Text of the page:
“How I happened to celebrate the end of Ramadan in Cape Town”
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Muslims worldwide celebrated the end of the Ramadan period of fasting last Thursday. The Muslim community of Cape Town, South Africa, marked this special evening by distributing hundreds of hot meals to the homeless. Our Observer, a Buddhist, joined them for a memorable night. Read her account...
Muslims worldwide celebrated the end of the Ramadan period of fasting last Thursday. The Muslim community of Cape Town, South Africa, marked this special evening by distributing hundreds of hot meals to the homeless. Our Observer, a Buddhist, joined them for a memorable night.
Muslim communities around the world treated themselves to sumptuous feasts and celebrations to mark the end of a full month of fasting, during which they were not allowed to eat, drink, smoke or have sex between sunrise and sunset. The end of the fasting period comes with the arrival of the new moon. The following day is a Muslim holiday, Eid ul-Fitr.
Before the food distribution
Photos posted on the Nakhlistan's Facebook page.
"In 1984 there were two cooking pots, today there are 145"
Nyain Swe was born in Burma, but has lived in South Africa for the past 25 years. By chance, she stumbled across the traditional Ramadan soup kitchen set up by Cape Town's Muslim community, and decided to join the celebration. She posted this account of her very special evening on her blog.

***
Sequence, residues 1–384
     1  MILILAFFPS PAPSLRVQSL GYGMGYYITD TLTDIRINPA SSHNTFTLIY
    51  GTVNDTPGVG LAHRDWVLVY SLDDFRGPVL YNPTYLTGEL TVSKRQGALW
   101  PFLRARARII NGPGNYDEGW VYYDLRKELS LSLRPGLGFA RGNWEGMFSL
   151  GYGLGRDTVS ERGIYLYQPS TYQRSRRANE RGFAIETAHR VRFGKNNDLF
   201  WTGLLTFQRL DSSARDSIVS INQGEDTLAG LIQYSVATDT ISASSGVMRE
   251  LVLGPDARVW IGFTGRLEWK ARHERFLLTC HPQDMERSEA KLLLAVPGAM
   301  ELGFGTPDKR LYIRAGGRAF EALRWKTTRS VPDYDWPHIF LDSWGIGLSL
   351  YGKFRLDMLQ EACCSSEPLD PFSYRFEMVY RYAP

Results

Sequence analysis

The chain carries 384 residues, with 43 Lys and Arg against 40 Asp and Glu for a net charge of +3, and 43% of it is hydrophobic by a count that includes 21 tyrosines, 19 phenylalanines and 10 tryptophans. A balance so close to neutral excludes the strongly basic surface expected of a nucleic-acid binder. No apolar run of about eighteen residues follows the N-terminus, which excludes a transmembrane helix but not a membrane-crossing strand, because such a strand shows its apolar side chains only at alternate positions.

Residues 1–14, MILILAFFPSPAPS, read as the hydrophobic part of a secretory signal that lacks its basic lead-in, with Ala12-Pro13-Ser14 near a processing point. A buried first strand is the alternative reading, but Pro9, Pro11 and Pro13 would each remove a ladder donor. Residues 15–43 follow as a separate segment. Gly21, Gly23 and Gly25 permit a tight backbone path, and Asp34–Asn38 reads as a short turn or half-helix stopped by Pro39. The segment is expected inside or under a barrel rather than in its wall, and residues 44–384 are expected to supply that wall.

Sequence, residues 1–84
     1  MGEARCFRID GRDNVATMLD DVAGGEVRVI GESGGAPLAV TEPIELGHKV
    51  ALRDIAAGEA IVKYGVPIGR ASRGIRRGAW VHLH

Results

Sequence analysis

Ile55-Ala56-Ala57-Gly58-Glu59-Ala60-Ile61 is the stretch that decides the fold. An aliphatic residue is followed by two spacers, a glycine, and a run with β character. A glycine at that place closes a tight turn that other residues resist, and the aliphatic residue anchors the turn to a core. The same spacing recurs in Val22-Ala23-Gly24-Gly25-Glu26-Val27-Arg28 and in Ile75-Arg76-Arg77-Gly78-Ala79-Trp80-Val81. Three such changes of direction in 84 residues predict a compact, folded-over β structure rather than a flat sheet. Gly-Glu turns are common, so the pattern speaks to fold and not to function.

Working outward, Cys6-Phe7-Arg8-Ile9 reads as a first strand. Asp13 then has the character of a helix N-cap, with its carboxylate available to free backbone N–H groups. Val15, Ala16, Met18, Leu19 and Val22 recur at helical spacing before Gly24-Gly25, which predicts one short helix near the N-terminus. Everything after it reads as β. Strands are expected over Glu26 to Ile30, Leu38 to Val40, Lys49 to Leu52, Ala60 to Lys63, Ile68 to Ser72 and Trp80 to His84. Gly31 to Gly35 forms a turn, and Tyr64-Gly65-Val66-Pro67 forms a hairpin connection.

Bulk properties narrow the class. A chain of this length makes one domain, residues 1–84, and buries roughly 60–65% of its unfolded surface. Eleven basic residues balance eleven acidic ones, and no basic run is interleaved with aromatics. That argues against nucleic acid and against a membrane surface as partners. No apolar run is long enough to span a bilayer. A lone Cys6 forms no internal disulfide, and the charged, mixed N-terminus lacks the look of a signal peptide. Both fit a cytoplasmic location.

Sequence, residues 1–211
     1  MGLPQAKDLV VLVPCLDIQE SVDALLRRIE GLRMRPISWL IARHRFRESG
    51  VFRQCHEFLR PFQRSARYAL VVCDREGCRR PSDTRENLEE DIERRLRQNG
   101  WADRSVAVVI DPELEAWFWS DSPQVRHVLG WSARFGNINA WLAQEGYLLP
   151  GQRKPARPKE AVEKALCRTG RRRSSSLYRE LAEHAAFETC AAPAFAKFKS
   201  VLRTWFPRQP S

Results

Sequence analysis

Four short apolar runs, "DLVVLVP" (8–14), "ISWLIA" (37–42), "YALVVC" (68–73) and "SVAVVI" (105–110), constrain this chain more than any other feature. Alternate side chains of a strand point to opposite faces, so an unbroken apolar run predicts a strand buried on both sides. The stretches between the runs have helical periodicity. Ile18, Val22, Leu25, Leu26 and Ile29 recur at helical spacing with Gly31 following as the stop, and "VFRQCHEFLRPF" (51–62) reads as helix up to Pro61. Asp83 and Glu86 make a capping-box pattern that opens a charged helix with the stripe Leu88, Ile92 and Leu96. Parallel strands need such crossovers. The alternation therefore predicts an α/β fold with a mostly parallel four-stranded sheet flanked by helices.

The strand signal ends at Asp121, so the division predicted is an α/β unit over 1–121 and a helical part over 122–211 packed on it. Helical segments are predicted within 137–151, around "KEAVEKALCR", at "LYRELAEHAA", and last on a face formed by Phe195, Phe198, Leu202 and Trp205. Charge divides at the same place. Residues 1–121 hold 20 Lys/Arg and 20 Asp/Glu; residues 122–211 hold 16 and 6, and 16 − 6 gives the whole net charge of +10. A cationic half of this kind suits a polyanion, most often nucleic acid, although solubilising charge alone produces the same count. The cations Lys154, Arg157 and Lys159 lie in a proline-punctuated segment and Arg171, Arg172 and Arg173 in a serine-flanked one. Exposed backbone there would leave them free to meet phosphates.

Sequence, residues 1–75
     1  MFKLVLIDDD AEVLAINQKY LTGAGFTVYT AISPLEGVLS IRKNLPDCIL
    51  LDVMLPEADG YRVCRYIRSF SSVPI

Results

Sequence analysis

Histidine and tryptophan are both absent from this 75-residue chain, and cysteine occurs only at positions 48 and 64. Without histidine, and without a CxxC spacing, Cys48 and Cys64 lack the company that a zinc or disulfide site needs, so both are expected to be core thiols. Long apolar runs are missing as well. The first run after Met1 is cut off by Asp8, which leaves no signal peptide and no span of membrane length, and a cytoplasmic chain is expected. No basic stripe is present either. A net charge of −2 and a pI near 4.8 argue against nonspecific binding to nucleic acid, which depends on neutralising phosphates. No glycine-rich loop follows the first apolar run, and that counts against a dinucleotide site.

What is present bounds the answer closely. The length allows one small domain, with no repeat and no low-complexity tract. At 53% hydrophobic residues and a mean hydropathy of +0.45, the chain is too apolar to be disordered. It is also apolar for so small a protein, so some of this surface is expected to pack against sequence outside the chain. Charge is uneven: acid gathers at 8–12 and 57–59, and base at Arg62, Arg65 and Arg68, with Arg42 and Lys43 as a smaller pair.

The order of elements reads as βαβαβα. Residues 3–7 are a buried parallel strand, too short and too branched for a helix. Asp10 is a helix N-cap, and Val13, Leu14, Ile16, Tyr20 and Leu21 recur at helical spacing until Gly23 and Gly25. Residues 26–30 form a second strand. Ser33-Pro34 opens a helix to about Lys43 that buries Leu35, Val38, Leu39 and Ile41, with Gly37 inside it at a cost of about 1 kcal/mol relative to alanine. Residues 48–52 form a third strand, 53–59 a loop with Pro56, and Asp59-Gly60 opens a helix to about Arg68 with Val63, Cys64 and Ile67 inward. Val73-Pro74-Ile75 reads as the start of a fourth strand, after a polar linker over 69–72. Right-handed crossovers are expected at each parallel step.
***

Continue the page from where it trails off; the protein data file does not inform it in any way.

Every year, on the eve of Eid, when the sighting of the new moon has signalled the end of the fasting month of Ramadan, Cape Town's Muslim community gathers in the suburb of Rylands to provide food for those in need. This event is called Nakhlistan (a Persian word for Oasis). It was launched 26 years ago by Mohammed Shukoor Mowzer and his friends, the late Dawood Parker and Shaikh Sa’dullah Khan. What started out with 2 pots in 1984 has today reached a total of 145. Each pot can feed over 300 people.
Nakhlistan, Rylands - September 2010
I met Mr. Mowzer, an unassuming man dressed in a track top over his kurta, on a cold September night. He told me that the main reason for organising Nakhlistan was to see the joy in the faces of people who would normally not be able to afford a meal. But he did not do this only once a year: he later told me that they ran feeding schemes every Tuesday and Thursday (albeit on a much smaller scale), all of which are funded by the Muslim community in the Western Cape.
"It was cold, cloudy and misty with no moon to be found"
Moon sighting, Signal Hill, Cape town - September 9, 2010
How I ended up in Rylands is yet another event in itself. It all started when my friend suggested we take a drive up to Signal Hill to spot the new moon. It was 5:50pm when we got to the top and it was cold, cloudy and misty with no moon to be found. (Cape Town weather is temperamental. That same afternoon it had been sunny with clear skies.) Nonetheless, we stuck around until 6:30pm, which was apparently the official time that fast is broken. We were wandering aimlessly as the people began gathering for their prayers, when a girl (Amirah) and her brother approached us. They told us about what goes on the day of Eid, and subsequently even invited us to break fast with them and proceeded to invite us to Eid lunch -- usually a family event -- the next day. But we had to gratefully decline.